Feed or Foes? Livestock can be trained to eat the nuisance plants in some cases | TSLN.com

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Feed or Foes? Livestock can be trained to eat the nuisance plants in some cases

Areas in western South Dakota that have been impacted by wildfires may have rebuilt fences, re-homed livestock and recovered from other damages, but there's a secondary problem that's creeping up just about as fast as the flames blazed across the prairie.

It's Common Mullein, and it's becoming far more "common" on the range then landowners would like.

"We're seeing huge areas of Common Mullein growing in Jackson, Custer and Fall River Counties , particularly out on the hills and in the burn areas where the weed has just taken over," said Brenda Sievers, South Dakota Deparment of Agriculture (SDDA) plant industry manager and ag inspector. "When there's a drastic change in the environment such as a a fire, that's when weeds like Common Mullein take over."

A biennial species, Common Mullein produces yellow rosettes in its first year of growth followed by mature stalks that produce massive amounts of seeds in the second year. Its deep root system allows it to thrive well in even the driest conditions, and Sievers said now is the time to get a handle on the weed patches before they spread from just a few plants to hundreds per acre.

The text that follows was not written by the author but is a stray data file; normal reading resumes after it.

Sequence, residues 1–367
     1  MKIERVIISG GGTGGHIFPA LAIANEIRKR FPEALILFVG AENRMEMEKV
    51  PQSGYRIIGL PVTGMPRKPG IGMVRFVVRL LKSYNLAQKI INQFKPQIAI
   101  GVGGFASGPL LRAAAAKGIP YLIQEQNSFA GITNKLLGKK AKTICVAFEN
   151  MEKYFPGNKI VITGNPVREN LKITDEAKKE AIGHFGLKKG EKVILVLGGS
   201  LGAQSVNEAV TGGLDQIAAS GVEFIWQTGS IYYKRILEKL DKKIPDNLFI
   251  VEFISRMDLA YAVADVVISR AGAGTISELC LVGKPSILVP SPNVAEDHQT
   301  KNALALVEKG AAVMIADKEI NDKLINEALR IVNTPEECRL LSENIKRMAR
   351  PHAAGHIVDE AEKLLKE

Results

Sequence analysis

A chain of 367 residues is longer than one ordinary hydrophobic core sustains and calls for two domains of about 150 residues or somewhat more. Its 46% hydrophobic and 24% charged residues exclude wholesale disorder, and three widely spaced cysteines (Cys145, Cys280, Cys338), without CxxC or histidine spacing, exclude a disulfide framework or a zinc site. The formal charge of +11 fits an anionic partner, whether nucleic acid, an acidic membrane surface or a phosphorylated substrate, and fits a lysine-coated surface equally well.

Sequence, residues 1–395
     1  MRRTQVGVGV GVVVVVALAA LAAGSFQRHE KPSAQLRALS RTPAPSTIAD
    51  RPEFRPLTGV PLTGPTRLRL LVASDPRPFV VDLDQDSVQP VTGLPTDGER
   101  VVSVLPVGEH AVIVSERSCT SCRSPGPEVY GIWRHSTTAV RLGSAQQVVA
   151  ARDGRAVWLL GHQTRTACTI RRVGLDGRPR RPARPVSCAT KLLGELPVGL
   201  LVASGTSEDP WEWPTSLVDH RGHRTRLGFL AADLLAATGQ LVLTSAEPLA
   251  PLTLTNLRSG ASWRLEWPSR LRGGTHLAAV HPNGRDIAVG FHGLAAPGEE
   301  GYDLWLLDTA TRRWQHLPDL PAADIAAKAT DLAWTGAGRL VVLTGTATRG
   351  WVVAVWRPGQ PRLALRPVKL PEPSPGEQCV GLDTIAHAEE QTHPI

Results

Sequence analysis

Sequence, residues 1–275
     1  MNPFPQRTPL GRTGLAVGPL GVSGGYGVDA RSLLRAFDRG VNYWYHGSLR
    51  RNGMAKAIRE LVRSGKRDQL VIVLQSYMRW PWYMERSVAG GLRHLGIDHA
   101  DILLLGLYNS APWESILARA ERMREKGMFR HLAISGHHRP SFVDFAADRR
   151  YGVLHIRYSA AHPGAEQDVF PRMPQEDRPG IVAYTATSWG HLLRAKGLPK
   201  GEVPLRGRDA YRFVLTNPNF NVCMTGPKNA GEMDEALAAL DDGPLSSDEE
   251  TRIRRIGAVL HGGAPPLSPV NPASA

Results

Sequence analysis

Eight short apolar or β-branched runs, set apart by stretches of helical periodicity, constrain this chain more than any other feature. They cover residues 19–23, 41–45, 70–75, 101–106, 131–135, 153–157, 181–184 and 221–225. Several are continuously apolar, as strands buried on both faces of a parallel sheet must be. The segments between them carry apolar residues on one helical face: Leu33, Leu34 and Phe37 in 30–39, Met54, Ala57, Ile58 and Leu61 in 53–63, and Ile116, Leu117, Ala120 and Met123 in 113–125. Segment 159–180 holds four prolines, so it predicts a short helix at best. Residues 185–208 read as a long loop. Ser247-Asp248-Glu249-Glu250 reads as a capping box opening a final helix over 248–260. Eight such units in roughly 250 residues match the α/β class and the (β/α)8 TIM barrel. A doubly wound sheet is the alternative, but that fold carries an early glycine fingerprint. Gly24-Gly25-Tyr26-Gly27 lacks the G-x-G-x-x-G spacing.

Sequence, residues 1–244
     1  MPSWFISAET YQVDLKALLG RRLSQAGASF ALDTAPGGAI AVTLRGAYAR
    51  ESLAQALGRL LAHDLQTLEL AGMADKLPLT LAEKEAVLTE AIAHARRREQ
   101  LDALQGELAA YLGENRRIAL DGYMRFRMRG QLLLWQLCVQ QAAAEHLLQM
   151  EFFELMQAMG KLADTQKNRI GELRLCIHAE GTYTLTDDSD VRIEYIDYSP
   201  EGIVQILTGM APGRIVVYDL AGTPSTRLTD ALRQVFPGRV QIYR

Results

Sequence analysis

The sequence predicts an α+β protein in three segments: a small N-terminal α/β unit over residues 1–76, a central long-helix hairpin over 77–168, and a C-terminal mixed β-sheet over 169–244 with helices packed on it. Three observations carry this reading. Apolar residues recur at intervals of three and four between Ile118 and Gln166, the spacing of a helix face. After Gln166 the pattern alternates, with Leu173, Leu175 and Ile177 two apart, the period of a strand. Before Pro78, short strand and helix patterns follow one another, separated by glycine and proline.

“If you have something growing, and it’s green, livestock will eat it, so don’t kill it. If there’s available forage, let’s get the cows to eat it. Thistles are very good feed with 22-24 percent protein, and cattle will readily eat it once they start.” Pat Guptill, Quinn, S.D., rancher

"Common Mullein has a very fuzzy leaf, and because of that, there are some challenges to using herbicides to control it," she said. "Producers should address these weeds while they are still in the rosette stage. If sparse, they can be mechanically removed, but a surfactant is the most effective."

While weed overgrowth issues vary by county throughout the state, there are seven noxious weeds in South Dakota that seem to plague producers the most including: Leafy spurge, Canada thistle, Perennial sow thistle, Hoary cress, Russian knapweed, Purple loosestrife and Salt cedar.

"Noxious weeds are defined as being capable of reducing production of crops and livestock, are not native to the state and are perennials," said Sievers. "By far, the Canada thistle seems to be the most problematic because it covers the most acres in the state. You can't rely on cows to eat them unless they are short of forage or in a very lush state. Producers can consider mowing them down or using herbicide controls to keep them from spreading."

Pat Guptill, a rancher from Quinn, S.D., says the thistles are there for a reason, and instead of fighting nature, he has trained his cattle to eat the purple-headed weeds.